The smell of blood made the animals nervous but
Pearly tugged their reins gently and whispered to coax them across the
campsite.  Leading the two horses, he turned back onto the narrow path and
trudged forward.  Under the warm sun and a soft breeze, the blood painted
across his face tightened into a grim, dark mask.

 
 

They had converted the parking lot next to the
train station into a camp.  Big canvas tents were arranged in two rows.
 In the aisles between the rows, cooking fires smoked and flamed.
 Only one fire was tended.  An old Asian woman in jeans and a dirty
sweatshirt pushed a stick around the lip of a big pot.

Mai knew her way around Oakland.  They had
approached Fruitvale from the east, creeping down empty streets filled with
rotting houses.  Close to the station, broken police barriers and haphazard
piles of junk blocked the roads.  She led him onto the flat roof of an old
brick building across the street from the station.  They crouched on the
roof’s edge and observed the camp.

A small park sat in front of the train station and
a dozen horses were tethered to the wrought iron fence that stretched around
the green oval.  The horses dunked their muzzles into the overgrown weeds
next to the fence and grazed peacefully.
 
Saddles, reins, harnesses and other pieces of horse tack were laid out
neatly across the top of the fence.

Chewy squinted to peer into the station.  A
floor-to-ceiling security gate was rolled halfway across the entrance.
 Mai gestured toward the camp and he shifted his gaze.  A tall thin
man stepped from a metal door on the side of the station.  He strode to
the parking lot fence and leaned a long-barreled rifle against the chain links
to light a cigarette.  He puffed and observed the tents in the camp before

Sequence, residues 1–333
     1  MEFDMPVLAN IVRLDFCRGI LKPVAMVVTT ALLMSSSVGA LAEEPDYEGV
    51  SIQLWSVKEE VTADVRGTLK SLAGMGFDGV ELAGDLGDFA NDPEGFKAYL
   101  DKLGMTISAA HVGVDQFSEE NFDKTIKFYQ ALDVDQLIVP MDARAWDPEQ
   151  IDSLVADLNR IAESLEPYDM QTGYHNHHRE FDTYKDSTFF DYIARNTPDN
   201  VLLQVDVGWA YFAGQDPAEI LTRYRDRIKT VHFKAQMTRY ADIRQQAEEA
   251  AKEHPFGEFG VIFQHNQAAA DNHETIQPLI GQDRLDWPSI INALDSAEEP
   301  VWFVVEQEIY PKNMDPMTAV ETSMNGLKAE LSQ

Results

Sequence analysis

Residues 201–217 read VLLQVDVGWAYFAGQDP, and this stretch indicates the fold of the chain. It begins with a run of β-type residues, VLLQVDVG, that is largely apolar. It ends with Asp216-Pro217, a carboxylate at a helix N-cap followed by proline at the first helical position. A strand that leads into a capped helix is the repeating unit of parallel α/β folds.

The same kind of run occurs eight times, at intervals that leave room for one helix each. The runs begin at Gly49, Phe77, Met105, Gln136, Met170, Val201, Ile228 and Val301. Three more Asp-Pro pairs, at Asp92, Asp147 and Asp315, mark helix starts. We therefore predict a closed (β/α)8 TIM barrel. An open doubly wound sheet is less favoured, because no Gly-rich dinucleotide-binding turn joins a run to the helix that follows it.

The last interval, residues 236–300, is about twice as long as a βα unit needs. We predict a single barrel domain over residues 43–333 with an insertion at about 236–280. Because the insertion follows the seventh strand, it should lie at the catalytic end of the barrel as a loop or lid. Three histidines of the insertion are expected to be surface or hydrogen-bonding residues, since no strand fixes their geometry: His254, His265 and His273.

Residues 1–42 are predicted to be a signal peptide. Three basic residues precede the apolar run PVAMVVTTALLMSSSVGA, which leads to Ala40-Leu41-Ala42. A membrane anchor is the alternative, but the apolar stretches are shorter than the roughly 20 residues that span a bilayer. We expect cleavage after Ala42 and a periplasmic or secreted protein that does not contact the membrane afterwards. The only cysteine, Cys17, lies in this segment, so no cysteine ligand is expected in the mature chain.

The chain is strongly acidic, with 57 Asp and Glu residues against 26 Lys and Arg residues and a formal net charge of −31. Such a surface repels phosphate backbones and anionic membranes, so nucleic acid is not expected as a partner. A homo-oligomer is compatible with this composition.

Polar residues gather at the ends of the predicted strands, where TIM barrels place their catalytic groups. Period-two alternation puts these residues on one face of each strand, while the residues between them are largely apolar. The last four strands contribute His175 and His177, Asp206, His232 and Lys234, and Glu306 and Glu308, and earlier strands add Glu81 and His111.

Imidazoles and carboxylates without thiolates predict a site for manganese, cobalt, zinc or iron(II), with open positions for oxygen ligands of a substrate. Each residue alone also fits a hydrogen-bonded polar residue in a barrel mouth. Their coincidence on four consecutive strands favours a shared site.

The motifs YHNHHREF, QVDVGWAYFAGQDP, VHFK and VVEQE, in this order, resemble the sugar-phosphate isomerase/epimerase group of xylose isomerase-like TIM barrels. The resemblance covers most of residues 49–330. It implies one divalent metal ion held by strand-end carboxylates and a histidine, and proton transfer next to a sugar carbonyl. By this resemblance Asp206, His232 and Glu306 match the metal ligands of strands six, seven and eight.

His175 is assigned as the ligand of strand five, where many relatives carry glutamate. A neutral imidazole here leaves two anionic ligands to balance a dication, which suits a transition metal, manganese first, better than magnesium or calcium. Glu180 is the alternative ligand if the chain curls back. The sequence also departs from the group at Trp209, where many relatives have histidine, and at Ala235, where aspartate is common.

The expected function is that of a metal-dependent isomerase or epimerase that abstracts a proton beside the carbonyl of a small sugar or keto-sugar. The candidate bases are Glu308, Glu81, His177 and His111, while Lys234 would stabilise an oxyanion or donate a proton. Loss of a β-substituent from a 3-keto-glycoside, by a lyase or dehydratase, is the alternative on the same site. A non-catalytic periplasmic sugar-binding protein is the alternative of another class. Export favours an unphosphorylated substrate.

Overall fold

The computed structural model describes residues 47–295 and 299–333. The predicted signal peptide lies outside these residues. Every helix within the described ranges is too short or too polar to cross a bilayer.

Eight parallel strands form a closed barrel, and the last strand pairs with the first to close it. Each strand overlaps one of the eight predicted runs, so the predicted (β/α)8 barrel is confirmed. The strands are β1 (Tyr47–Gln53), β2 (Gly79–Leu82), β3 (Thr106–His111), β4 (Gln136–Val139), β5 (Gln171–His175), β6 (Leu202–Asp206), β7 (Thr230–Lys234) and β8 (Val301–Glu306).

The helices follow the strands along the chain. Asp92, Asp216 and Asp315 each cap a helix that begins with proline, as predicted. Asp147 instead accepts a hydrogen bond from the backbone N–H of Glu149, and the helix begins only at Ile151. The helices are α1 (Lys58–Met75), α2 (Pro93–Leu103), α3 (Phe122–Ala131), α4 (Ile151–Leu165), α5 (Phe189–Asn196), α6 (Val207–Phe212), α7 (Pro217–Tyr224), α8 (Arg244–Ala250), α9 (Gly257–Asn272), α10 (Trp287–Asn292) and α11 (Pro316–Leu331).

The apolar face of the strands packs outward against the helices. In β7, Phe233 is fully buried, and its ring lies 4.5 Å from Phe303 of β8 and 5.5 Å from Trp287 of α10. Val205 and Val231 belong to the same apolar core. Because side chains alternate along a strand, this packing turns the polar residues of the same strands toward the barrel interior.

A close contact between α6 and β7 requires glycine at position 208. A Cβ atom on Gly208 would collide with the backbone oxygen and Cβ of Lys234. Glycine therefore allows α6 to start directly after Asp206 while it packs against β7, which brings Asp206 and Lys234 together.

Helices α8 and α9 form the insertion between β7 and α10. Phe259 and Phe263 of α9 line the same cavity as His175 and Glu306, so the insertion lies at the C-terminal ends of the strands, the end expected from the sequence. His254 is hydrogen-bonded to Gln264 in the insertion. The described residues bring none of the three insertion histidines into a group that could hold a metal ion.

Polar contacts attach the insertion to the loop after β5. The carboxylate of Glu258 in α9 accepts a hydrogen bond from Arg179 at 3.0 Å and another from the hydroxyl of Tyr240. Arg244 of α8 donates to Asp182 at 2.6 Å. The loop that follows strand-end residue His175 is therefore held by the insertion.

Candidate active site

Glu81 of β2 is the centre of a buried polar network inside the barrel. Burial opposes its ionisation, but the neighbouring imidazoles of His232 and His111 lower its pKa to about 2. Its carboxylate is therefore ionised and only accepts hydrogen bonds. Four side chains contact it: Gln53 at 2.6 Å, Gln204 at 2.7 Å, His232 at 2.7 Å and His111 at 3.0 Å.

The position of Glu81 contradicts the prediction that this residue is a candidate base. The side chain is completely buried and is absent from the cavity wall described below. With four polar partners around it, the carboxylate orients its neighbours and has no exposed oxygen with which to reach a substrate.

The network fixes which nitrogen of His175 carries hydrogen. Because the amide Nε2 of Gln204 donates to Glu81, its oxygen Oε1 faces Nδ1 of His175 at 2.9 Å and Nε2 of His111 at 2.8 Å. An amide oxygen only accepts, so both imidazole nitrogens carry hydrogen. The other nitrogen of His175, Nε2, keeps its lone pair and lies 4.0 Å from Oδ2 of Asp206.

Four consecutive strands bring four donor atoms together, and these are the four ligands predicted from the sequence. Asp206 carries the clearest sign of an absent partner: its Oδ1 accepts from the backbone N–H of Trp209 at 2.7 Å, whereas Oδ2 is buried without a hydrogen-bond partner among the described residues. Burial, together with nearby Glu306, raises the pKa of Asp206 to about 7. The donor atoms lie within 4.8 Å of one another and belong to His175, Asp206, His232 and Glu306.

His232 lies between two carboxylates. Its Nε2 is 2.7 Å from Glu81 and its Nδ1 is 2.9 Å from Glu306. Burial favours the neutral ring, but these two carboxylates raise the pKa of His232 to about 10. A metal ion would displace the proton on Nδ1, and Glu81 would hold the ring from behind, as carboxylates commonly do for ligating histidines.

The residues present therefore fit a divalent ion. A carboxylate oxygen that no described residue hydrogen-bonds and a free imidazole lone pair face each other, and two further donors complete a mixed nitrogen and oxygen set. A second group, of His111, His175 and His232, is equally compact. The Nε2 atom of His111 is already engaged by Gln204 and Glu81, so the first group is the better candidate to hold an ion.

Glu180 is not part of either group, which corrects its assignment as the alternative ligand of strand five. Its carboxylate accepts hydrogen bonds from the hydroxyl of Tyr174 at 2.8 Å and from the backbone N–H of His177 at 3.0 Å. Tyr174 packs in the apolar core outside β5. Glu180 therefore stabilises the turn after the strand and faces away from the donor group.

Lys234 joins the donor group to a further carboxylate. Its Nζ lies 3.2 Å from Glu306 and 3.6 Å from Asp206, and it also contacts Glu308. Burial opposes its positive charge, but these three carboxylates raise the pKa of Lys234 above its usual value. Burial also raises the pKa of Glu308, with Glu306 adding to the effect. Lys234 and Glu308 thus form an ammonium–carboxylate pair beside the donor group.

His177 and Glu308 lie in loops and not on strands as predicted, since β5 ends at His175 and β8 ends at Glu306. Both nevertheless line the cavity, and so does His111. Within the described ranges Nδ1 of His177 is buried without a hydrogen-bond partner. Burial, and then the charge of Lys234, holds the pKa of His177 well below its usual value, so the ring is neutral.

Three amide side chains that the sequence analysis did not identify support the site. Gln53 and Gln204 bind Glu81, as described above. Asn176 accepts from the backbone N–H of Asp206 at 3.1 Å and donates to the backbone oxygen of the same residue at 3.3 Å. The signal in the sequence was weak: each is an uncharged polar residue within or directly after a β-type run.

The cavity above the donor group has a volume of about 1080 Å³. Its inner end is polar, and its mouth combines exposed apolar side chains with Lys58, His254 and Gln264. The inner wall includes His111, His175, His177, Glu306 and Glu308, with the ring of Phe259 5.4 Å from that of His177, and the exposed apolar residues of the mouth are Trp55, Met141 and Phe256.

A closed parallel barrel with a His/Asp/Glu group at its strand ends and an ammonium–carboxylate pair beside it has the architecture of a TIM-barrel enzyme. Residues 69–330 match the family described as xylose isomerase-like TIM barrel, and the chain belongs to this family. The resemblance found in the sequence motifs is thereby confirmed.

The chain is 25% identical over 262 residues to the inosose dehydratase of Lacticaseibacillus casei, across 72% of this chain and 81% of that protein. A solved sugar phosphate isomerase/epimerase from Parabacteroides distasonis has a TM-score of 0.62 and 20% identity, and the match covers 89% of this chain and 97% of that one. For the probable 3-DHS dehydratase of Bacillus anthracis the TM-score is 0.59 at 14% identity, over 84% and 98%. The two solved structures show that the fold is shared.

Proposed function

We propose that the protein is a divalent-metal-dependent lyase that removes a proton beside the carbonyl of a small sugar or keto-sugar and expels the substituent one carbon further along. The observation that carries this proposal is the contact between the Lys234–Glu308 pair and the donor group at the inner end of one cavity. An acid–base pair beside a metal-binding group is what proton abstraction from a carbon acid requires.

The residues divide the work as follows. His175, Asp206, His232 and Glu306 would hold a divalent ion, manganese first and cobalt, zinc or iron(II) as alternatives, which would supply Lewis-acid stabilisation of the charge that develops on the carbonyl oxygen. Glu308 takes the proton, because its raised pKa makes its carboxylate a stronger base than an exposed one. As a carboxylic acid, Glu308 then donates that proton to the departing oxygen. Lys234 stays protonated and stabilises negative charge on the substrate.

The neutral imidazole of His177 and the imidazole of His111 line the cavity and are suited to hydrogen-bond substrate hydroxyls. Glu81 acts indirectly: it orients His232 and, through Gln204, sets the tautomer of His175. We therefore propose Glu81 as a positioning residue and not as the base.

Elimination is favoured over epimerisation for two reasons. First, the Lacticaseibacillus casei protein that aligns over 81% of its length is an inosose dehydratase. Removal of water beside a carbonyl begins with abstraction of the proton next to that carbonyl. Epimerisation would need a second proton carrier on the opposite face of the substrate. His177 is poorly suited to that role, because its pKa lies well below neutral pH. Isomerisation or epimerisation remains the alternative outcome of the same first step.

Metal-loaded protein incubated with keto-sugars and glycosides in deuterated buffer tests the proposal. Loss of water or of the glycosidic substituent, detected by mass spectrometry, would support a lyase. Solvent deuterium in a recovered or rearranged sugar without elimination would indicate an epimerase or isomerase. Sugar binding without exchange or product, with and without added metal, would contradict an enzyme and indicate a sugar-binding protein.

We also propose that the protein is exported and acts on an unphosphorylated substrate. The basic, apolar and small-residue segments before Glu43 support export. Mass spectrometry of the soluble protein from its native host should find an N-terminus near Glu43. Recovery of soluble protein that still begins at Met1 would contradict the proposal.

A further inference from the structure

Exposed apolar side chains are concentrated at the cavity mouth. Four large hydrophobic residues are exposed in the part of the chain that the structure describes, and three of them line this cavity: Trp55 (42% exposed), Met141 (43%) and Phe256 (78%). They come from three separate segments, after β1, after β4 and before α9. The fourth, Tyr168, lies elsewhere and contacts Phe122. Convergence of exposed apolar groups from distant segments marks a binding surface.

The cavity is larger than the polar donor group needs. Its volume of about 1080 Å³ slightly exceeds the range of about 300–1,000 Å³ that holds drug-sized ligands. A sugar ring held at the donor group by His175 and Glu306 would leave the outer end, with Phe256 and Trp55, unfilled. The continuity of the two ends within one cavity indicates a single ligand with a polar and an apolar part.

picking up his rifle and climbing onto the cab of an oversized pickup truck.
 

A layer of blankets was spread across the top of
the cab and the man sat on the blankets facing the collection of ragged tents.
 He and Mai waited as the sun slipped down the western sky.  Just
before dusk, two other men emerged from the front of the station.  They
were laughing and one slapped the other on the back.  The man on the truck
cab waved in their direction before the pair split up, one man proceeding along
the fence around the camp and the other making his way to the horses.  

Chewy nudged Mai and held up three fingers.
 She nodded, her eyes still fixed on the scene below.

The man patrolling the fence disappeared around
the far corner of the camp.  The other checked the horse tack and leaned
between the fence rails to stroke the forehead of a tall, black horse.  He
whispered something to the animal and turned around, glancing up the street
that led to the front of the train station.  A whistle pierced the air and
the other man returned along the fence line.  The pair met next to the
truck and spoke with the man on the cab.  He nodded down at them and the
two men strolled back into the station.  The security gate squeaked and
groaned faintly as they pushed it all the way down across the opening.

Mai twisted around and rested her back against the
roof parapet.  Chewy slid next to her.


Three outside,” he said.
 “I’m betting they’ve got two horses for each man.  Math tells me
there’s six, maybe seven of them.”

She nodded and dug into her pack, pulling out a
short-bladed knife in a sheath.  He watched as she drew the blade out, ran
her eyes across it, and pushed it back into the sheath.  

She looked up at him.  “Can we kill them
all?”

He glanced back over the roof edge to the man on
the truck cab and shook his head.


Too many,” he said.


What’s
the plan?”

Chewy rolled back onto his knees and studied the
station.  She crawled up next to him.


He goes first.”  Chewy
pointed a finger at the man on the truck.  “Then the gate to the camp.
 Next, that door.” His finger tracked his words. “The front gate.
 And, finally, the horses.”


We kill the horses?”

He shook his head.  “Shit, no.  We
liberate them.”

She nodded.  

He stared at the station and concentrated.
 “Somebody takes out the man and then blocks the gate.  Somebody else
blocks the door and then opens the camp gate.  We send them folks back to
Oakland and then spook the horses.”


We go back to Oakland with
them.”

Chewy shook his head.  “I don’t know these
particular assholes, but I know plenty like them.”  He sat against the
parapet.  “If they’ve got any brains, they’ll think they can always round